As a student you have written a lot of essays. And let's be honest—most were probably on topics you didn't care much about. You might be tempted to approach the scholarship essay in the same way that you did when writing about the Roman Aqueducts, but this would be a tragic mistake. The last common feature of all winning essays is that they are written on subjects about which the author is truly passionate. It is very difficult to fake passion for a subject. (Just try to be excited throughout your Uncle Larry's hour-long slideshow of his tonsil operation.)
But when you are genuinely enthusiastic about something, it does not take much effort for that energy to naturally show in your writing. Therefore, when you are choosing a topic, be sure it is something you truly care about and are interested in. Without even trying, you will find that your sentences convey an excitement that the reader can almost feel.
A common mistake in essay writing is to use general statements instead of specific ones. Don't write, "Education is the key to success." Instead, give the judges a slice of your life that shows them how education has impacted your life in a single experience or realization. If you are writing about your desire to become an astronaut, you might explain how this started when your father bought you a model rocket for the Christmas you were five years old. Focusing on a specific example of your life will help readers relate to your experiences and ensure that your essay is memorable and (as a bonus) original.
It sounds obvious, but make sure that your essay has a clear point—many students' essays don't. Whether you are describing the influence of your father or the effect of World War II on race relations, you must have a central idea to communicate to the reader. To see if your essay has a central thesis, try this simple exercise. Ask yourself, "What is the point of my essay in a single sentence?"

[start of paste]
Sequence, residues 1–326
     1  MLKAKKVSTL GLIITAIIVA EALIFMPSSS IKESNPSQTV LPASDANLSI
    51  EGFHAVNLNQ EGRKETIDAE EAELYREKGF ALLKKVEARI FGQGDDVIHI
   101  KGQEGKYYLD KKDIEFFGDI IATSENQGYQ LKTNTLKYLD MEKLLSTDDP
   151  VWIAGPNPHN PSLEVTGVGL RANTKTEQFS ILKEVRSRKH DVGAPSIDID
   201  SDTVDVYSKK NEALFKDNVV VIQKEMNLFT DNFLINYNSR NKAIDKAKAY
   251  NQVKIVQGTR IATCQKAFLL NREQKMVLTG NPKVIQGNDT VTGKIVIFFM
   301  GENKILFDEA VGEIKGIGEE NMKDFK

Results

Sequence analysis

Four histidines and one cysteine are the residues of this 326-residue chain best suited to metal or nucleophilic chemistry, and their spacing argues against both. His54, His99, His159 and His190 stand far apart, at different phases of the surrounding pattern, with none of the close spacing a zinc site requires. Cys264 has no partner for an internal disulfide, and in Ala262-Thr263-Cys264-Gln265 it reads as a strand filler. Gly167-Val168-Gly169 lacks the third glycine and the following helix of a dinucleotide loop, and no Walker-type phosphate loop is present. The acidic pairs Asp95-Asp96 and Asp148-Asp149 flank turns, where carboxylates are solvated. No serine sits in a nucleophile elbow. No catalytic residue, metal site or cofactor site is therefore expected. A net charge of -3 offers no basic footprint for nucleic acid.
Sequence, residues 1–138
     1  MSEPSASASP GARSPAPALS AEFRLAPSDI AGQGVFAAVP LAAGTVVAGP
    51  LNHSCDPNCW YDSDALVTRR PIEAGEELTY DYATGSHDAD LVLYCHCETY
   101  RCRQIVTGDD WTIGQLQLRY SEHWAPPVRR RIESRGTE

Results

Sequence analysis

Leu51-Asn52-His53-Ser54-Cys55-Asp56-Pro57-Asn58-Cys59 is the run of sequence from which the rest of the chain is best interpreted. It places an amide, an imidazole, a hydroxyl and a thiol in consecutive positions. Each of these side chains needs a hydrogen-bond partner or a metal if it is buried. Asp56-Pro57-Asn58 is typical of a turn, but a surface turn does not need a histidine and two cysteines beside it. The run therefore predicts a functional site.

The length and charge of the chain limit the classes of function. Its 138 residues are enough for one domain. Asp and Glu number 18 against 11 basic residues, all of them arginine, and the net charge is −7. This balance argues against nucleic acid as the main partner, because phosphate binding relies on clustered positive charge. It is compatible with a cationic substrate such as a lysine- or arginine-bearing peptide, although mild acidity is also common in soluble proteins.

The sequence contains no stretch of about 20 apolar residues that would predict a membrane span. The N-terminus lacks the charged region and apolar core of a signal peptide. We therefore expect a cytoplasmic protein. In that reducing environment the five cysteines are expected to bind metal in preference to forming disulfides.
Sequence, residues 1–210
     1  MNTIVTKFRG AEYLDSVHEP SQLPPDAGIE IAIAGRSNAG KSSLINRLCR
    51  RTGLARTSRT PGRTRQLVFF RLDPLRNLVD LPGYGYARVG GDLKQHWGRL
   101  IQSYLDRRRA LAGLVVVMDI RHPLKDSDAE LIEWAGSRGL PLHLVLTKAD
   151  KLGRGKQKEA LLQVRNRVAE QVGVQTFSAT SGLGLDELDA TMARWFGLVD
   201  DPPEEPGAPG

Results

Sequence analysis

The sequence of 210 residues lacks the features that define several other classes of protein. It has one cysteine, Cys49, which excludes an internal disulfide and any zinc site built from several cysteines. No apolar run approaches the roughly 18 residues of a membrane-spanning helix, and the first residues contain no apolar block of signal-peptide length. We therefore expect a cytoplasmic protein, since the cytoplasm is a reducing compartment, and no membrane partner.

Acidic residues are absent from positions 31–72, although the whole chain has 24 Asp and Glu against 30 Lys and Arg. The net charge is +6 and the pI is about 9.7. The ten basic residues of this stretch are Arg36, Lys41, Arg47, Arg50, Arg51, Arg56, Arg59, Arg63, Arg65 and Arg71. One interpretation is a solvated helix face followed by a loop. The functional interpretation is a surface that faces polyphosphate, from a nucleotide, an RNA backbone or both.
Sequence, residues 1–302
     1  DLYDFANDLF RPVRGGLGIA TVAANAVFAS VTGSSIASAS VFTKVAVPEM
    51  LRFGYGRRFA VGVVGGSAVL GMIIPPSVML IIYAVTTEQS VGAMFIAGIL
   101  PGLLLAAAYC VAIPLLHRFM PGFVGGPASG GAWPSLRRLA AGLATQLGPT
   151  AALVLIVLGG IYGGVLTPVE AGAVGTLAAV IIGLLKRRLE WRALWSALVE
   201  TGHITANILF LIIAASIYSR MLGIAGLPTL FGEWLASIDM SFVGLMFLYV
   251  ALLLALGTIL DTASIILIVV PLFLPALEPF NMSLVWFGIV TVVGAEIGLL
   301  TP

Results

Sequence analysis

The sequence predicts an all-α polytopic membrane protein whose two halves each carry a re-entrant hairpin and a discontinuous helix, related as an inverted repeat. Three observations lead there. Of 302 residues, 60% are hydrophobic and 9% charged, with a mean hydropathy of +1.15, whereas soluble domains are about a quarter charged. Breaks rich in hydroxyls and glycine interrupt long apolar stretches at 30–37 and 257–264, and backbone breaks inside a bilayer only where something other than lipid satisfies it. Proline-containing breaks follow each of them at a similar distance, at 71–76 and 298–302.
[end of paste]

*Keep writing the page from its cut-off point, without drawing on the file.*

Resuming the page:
Here are some answers that would satisfy the question for essays on independence and drug addition, respectively:
"Growing up in the country taught me to be independent."
"Treatment of addiction is the only way to win the war on drugs."
If you cannot condense the point of your essay into a single sentence, then the main point may not be clear enough. Or worse, your essay may not have a thesis.
Winning a scholarship is about impressing the judges and showing them why you are the best candidate for a monetary award. Your accomplishments, activities, talents and awards all help to prove that you are the best fit. Since you will probably list your activities on the application form, use the essay to expand on one or two of the most important ones.
However, don't just parrot back what is on the application. Use the opportunity to focus on a specific accomplishment, putting it into the proper context. Share details. Listing on the application that you were a stage manager for a play does not explain that you also had to design and build all the sets in a week. The essay allows you to expand on an achievement to demonstrate its significance.
Gen and Kelly Tanabe
Founders of SuperCollege and authors of 13 books on college planning.
By: Gen & Kelly Tanabe
More than anything else the essay and interview determine whether you will win a scholarship. Ace both with this new book. Includes 30 winning essays, 12 essays that bombed, and 20 sample interview questions and answers.
By: Gen & Kelly Tanabe
The goal of The Ultimate Scholarship Book is simple: To help you find free money. Inside you'll find the most up-to-date and comprehensive listing of more than 1.5 million awards. An easy-to-use index makes finding the right scholarships ridiculously quick. And it wouldn't be the Ultimate book without a section of little known insider tips and strategies that show you how to actually win the scholarships you find!